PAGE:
Say what you want about Phil Jackson, but when the time comes around to tell it like it is you can count on him to be transparent.
In the latest edition of the Jackson Chronicles written by his friend Charlie Rosen on Today's Fast Break, Jackson talks about a tough decision he had to face when trading former center Tyson Chandler to the Dallas Mavericks in 2014.
"One of the first deals I engineered when I came back to New York was to trade Tyson Chandler and Raymond Felton to Dallas for Shane Larkin, Jose Calderon, Wayne Ellington, Samuel Dalembert, plus a second-round pick that the Mavs owed to the Celtics," Jackson said.
"In talking with Boston, I was given the option of taking that pick or else taking Jae Crowder. I liked Crowder but I thought he wouldn't get much of a chance to play behind Carmelo, so I took the pick which turned out to be Cleanthony Early. While Cleanthony has missed lots of time in the past two seasons with us, he still has the potential to be a valuable player. Even so, I should have taken Crowder."
Wow, there's a lot to this quote. First, you have to respect the accountability as Phil would love a mulligan. And if you've watched Crowder develop in Boston under Brad Stevens, you understand why.
Secondly, there's a reference to a question that I've had and that revolves around the future of Cleanthony Early, who Phil refers to as "valuable." That would mean he could be candidate for a roster spot.
As far as Crowder goes, he's a glue guy who would have helped the Knicks. Would his presence have made them better? Hard to say. Would they have been good enough to miss out on Kristaps Porzingis? You wouldn't be wrong if you looked at it that way.
I was a huge proponent of trading Tyson Chandler to the Mavericks in 2014 and I thought the 34th pick was a valuable one at the time. If you're looking at a player who they missed out on drafting, the Nuggets took Nikola Jokic of Serbia 41st overall and Jokic is on the verge of superstardom.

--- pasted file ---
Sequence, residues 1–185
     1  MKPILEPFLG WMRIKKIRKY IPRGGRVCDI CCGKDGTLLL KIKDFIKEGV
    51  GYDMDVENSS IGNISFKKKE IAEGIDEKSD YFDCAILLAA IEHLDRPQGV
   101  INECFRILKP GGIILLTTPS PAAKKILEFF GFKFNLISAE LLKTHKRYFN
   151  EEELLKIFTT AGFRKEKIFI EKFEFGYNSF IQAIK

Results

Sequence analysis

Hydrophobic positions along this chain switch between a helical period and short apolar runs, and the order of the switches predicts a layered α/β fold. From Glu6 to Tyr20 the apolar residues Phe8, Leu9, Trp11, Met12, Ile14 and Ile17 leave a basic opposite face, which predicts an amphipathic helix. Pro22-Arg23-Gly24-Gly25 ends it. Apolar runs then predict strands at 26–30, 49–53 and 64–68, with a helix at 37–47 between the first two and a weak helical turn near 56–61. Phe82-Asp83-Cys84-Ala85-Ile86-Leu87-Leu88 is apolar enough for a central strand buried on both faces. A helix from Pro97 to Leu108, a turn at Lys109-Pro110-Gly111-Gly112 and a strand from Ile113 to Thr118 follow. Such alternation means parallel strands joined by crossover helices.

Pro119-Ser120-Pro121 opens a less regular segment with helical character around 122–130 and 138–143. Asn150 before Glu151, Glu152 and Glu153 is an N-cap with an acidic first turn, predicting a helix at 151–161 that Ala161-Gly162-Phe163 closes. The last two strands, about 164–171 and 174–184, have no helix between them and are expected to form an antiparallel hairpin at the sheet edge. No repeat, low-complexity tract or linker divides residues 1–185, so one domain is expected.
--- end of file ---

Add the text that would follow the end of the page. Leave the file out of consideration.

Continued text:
In terms of the rest of the article, Jackson talks about the team from the mid-point of the season on and how they had to rely on youth to try to sustain some modest early-season success. This should give Knicks fans hope as they've added veteran players who have the proven ability to log heavy NBA minutes despite health concerns surrounding Derrick Rose and Joakim Noah.
On the topic of health, one veteran NBA scout recently told me that when your front office is faced with a decision of talent versus health questions, you take talent every time and worry about health if and when there are issues.
"You can't base a decision on health," the scout said. "Obviously every decision is different but when you're dealing with players like Rose and Noah, you worry about health later. Hopefully, you have the depth to get through it until they get back."
Last year, the Knicks didn't have the depth or the players to log the front-end minutes to hold up over 82 games. Jackson, as well as Knicks fans, hope they've built a roster that can stand up an entire season this time around.
Having Crowder on that roster sure would help.